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Homework Help: Superposition of 2 vectors

  1. Aug 23, 2006 #1
    I'm considering the superposition of 2 vectors.

    [tex]E_x=E_1cos(wt)
    E_y=E_2cos(wt+/pi/4)[/tex]

    Trying to eliminate t. Its easy when the phase shift is 0 or pi/2 but I'm not sure how to go about it in this case. I can get Ey to be a function of cos(wt)-sin(wt), or cos(wt)sin(wt) just using trigonometric formulas, but I don't know where to go from there.

    The end result should be an elipse with axis that are not aligned with the x-y axis. If its quite difficult then I won't worry about it. I just get the feeling that I've done this before and I should know it, but somethings not clicking. Thanks.


    edit: For some reason the LATEX graphics don't appear for me. Just in case I put the formulas in wrong they should be:

    Ex = E1 cos(wt)
    Ey = E2 cos(wt + pi/4)
     
    Last edited: Aug 23, 2006
  2. jcsd
  3. Aug 23, 2006 #2

    Andrew Mason

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    How about [tex]E = \sqrt{E_x^2 + E_y^2} [/tex]?

    As far as the latex problem, you have to use lower case for the tex and /tex commands.

    AM
     
  4. Aug 23, 2006 #3
    Thanks for the reply, I don't think I was very clear about what I'm trying to do though.

    If I have
    [tex]E_x=E_1cos(wt)[/tex]

    [tex]E_y=E_2cos(wt)[/tex]

    then [tex]E_1y=E_2x[/tex] gives me my equation of motion for the particle.

    If
    [tex]E_x=E_1cos(wt)[/tex]

    [tex]E_y=E_2cos(wt + \frac{\pi}{2})[/tex]

    then
    [tex]E_y=-E_2sin(wt)[/tex]

    [tex]\frac{x^2}{E_1}+\frac{y^2}{E_2}=1 [/tex]

    And the vector moves in an ellipse.

    I'm not sure how to get the same sort of equation (ie. no dependance on t), or if its possible, for

    [tex]E_x=E_1cos(wt)[/tex]

    [tex]E_y=E_2cos(wt+\frac{\pi}{4})[/tex]

    [tex]E_y=\frac{E_2}{\sqrt{2}}(cos(wt)-sin(wt))[/tex]

    [tex]E_y^2=-E_2^2(cos(wt)sin(wt))[/tex]

    Not sure where I can go from here
     
    Last edited: Aug 23, 2006
  5. Aug 23, 2006 #4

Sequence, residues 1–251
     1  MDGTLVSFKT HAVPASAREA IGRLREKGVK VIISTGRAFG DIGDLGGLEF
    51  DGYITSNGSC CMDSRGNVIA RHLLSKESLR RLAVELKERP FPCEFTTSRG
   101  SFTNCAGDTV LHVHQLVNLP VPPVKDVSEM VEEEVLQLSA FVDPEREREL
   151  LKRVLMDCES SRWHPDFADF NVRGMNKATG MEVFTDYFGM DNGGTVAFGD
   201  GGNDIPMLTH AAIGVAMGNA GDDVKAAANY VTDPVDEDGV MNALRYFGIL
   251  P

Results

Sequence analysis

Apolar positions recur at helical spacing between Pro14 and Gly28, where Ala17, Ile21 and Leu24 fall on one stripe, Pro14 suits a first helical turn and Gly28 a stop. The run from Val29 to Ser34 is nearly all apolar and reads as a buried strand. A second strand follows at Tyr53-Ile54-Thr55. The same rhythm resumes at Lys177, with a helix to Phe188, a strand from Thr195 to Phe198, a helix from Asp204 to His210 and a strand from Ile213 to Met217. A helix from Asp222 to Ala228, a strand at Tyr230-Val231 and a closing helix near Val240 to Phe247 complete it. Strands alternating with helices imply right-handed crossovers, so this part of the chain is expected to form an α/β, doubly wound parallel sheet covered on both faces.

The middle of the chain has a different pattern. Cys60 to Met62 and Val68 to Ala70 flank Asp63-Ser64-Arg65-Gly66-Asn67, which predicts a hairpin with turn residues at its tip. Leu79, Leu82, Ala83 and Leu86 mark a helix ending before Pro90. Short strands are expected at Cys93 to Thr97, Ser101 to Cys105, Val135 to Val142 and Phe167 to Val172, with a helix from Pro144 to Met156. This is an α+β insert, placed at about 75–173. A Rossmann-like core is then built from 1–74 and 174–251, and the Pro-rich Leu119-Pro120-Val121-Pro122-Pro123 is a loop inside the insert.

robphy

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    Gold Member

    There's a rotation [transformation] involved.
    Complex numbers might simplify your calculation.
     
  6. Aug 23, 2006 #5
    I'm sorry but I'm still not sure how to get there.

    If I write it as,

    [tex]E_x=E_1e^{iwt}[/tex]
    [tex]E_y=E_2e^{iwt}e^{\frac{\pi}{4}}[/tex]

    I don't know where to go from here.

    I feel like its staring me right in the face. I know what the answer should look like. I know the transform should be along the lines of [cosA,-sinA;sinA,cosA] and I could probably work out A by playing with E1 and E2, but its just not falling into place for me. Maybe I'm just having a bad day, hopefully a good night's sleep will help.
     
  7. Aug 23, 2006 #6
    Just for clarification, I'll explain the context in which I ask this question. For a uGrad assignment I have been asked to propose an exam question and provide a solution (The hard part about this assignment is thinking of a question that hasn't already been on previous exams).

    Part of my question goes along the lines of:
    Consider 2 EM waves, prpagating along the z axis, with angular frequency w and wave number k. Wave 1 has its E-field aligned with the x axis, wave 2 with the y axis. There is a relative phase difference of [tex]\phi[/tex] between them. Describe how the polarisation of the superposition of waves 1 & 2 varies in time.

    For the case [tex]\phi=0[/tex] we have a plane wave with an E-field of magnitude [tex]\sqrt{E_1^2+E_2^2}[/tex]. For all [tex]0 < \phi < \pi[/tex] we should have an elliptically polarized plane wave, but I only know how to demonstrate this for the case where [tex]\phi=\frac{\pi}{2}.[/tex]
     
  8. Aug 24, 2006 #7
    Nevermind. Worked it out. Just wasn't thinking yesterday.
     
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